© Image by Denise Burt

Elizabeth Smither

(b. 1941)

"In Smither's poems, the simplest details can be trapdoors to eternity - to 'take in life' can be a promise or a threat." - Hugh Roberts

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  • The Aotearoa & Waiata New Zealand Poetry Archive
    This recording, bibliography and introductory essay are kindly provided by collaboration with the Aotearoa & Waiata New Zealand Poetry Archive, a pioneering resource of modern & contemporary New Zealand poets reading their work, devised and created by Jan Kemp and her team. For further details, please click on the link above.

Select bibliography

  • Here Come the Clouds, Alister Taylor, 1975
  • You're Very Seductive William Carlos Williams, John McIndoe, 1978
  • The Sarah Train, Hawk Press, 1980
  • The Legend of Marcello Mastroianni's Wife, Auckland University Press, 1981
  • Casanova's Ankle, Oxford University Press, 1983
  • Shakespeare Virgins, Auckland University Press, 1983
  • Professor Musgrove's Canary, Auckland University Press, 1986
  • Animaux, Modern House, 1988
  • A Pattern of Marching, Auckland University Press, 1989
  • The Tudor Style: Poems New and Selected, Auckland Uniersity Press, 1993
  • A Cortege of Daughters, Cloud, 1993
  • The Lark Quartet, Auckland University Press, 1999
  • Red Shoes, Godwit / Random House New Zealand, 2003
  • A Question of Gravity, Arc Publications, 2004
  • The Year of Adverbs, Auckland University Press, 2007
  • The Blue Coat, Auckland University Press, 2013
Wittiness and cleverness are hallmarks of Elizabeth Smither’s poems. Whether she is writing about colonial Parihaka, a small community in Taranaki, New Zealand (close to where she lives), listening to classical music, shopping, dining out or sleeping on a waterbed, she displays a gift for wry comedy combined with an eye for pinpoint detail. Take, for instance, the black shoes “polished by the husband” and the rainbow bikini in the poem ‘Shopping with Beth’, or the straight, stiff “other bed” and duvet “which is the colour of water seen through wharf slats” in the poem, ‘Sleeping in a waterbed’. Listening to these works read out in the author’s composed, quiet delivery, our minds retain her rich, evocative use of language in a series of intense mental pictures.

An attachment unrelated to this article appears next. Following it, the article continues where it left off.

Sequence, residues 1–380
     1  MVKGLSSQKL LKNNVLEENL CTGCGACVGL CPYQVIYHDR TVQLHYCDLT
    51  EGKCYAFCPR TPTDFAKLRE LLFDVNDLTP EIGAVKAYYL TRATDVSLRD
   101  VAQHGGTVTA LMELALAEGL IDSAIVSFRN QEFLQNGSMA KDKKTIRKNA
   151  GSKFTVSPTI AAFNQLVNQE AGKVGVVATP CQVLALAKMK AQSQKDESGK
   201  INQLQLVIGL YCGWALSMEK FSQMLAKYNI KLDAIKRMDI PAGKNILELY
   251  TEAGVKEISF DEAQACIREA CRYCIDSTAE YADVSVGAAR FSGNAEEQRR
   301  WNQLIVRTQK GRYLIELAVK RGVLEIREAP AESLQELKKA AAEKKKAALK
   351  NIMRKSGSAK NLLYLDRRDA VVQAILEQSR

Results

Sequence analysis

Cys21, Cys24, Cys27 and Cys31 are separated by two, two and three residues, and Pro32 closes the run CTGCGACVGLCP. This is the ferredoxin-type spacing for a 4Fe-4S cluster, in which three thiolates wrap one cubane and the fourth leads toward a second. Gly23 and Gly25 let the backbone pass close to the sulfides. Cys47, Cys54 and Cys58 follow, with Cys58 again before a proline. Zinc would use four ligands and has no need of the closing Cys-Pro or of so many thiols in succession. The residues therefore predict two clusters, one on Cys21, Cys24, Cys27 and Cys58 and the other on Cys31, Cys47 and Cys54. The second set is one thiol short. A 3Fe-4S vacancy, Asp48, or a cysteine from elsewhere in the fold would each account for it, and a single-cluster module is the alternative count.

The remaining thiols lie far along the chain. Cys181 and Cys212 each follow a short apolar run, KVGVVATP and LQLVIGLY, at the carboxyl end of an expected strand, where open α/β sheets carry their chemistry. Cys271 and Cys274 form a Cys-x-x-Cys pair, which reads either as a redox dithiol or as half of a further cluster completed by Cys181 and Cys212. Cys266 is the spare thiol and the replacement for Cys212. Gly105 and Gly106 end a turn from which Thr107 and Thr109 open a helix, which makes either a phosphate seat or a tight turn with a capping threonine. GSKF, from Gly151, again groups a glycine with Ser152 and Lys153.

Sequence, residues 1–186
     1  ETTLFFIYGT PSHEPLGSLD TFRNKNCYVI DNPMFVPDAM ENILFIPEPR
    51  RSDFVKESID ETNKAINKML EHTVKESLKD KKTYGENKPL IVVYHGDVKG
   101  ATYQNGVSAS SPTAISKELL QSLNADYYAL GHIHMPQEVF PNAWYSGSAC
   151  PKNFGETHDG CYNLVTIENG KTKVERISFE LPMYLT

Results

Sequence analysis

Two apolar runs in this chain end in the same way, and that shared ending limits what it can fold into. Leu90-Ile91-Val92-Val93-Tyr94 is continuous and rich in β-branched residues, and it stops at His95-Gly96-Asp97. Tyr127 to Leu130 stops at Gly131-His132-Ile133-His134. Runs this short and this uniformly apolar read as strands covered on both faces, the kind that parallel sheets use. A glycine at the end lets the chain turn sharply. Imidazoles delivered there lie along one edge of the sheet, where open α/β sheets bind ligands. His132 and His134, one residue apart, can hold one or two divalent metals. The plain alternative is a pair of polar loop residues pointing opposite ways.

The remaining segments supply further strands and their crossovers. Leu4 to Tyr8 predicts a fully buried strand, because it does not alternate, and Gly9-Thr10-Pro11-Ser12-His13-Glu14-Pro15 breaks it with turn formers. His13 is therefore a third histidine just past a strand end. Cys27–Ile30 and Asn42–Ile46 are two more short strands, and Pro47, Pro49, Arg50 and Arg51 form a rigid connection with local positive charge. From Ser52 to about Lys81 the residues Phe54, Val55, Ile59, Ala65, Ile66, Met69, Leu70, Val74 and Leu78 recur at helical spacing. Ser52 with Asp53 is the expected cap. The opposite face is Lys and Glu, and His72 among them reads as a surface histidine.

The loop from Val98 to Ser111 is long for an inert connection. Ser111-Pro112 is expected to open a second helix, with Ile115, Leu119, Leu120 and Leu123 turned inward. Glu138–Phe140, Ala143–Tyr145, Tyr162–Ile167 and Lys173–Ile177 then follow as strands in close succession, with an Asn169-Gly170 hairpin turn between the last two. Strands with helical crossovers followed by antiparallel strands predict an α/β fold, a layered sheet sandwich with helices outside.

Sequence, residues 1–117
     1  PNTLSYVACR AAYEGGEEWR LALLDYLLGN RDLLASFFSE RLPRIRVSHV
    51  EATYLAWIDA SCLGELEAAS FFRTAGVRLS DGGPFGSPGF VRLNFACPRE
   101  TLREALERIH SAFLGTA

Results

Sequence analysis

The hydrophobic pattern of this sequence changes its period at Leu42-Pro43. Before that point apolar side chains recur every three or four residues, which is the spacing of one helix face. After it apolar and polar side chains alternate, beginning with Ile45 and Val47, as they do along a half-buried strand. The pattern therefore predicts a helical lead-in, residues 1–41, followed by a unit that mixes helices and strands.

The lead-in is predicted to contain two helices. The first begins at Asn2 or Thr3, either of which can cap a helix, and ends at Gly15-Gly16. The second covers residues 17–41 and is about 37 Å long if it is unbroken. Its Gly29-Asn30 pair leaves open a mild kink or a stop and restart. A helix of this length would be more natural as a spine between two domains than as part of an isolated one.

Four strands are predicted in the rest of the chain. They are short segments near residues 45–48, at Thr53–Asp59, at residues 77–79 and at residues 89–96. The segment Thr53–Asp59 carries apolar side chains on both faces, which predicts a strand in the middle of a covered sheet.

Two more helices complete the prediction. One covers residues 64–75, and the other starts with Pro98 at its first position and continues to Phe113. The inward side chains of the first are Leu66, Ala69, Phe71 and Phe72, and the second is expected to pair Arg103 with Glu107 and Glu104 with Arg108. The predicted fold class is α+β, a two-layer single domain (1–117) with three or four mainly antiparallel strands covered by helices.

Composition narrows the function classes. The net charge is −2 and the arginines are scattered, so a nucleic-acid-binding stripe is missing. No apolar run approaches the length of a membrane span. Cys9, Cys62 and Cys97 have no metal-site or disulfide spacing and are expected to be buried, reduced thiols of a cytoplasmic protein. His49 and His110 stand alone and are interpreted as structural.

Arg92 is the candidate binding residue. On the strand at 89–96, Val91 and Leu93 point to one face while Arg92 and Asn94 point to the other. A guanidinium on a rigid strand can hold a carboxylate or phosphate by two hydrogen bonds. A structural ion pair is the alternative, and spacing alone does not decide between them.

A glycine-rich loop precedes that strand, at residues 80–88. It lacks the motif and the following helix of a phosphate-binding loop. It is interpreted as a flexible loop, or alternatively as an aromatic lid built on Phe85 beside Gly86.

Such command of craft is not surprising, given Smither is the author of 15 volumes of poetry, the first woman to be New Zealand Poet Laureate and a recipient of a Prime Minister’s Award for Literary Achievement in Poetry (NZ). As the poems on this site illustrate, Smither’s command is also accompanied by an ability to mine an envious breadth of poetic territory.

‘Twelve Little Poems About Parihaka’ is a good example. During the 1870s and 1880s, Parihaka was the focal-point for non-violent Maori resistance to European occupation. Smither’s poetic homage to the place is a series of short poems which emphasise more than just the township’s symbolic importance in the early colonial history of New Zealand. In her work, the land, its ghosts, its people (Maori and Pakeha), the monuments built upon it and even its seemingly inconsequential animal occupants (such as an arachnid) are all given voice, a choir whose combined efforts sing out the richest possible hymn. Here, as elsewhere on this site, Smither is very conscious of precision not just in the images she uses, but also in evoking the times she writes about. So her late Victorian Parihaka abounds with references dear to the dominion, such as Austen, Byron and Hardy, the Industrial Exhibition and the Botanical Gardens, and (of equal footing) to Maori like the leaders of the resistance movement, Te Whiti O Rongomai and Tohu Kakahi. This same attention to place is there in her ability to site the reader/listener in the spare bedroom in ‘Sleeping in a waterbed’ and the eatery in ‘Barbara and the restaurant bill’.

At the close of the poem ‘Listening to Handel with a cat’, Smither’s serene voice says of the titular composer’s music:

“and not a drop is wasted, not a vapour

above the darkening river, in the mist but everything accrues to grand and majestic.”

She could easily be speaking about her own work too.


1983 Freda Buckland Award

1984 University of Auckland Literary Fellowship

1987 Queen Elizabeth II Arts Council Scholarship in Letters

1989 Lilian Ida Award

1990 New Zealand Book Award for Poetry

1992 Queen Elizabeth II Arts Council Scholarship in Letters

2000 Montana New Zealand Book Award for Poetry

2001-2003 Te Mata Estate New Zealand Poet Laureate

2008 Prime Minister's Award for Literary Achievement in Poetry

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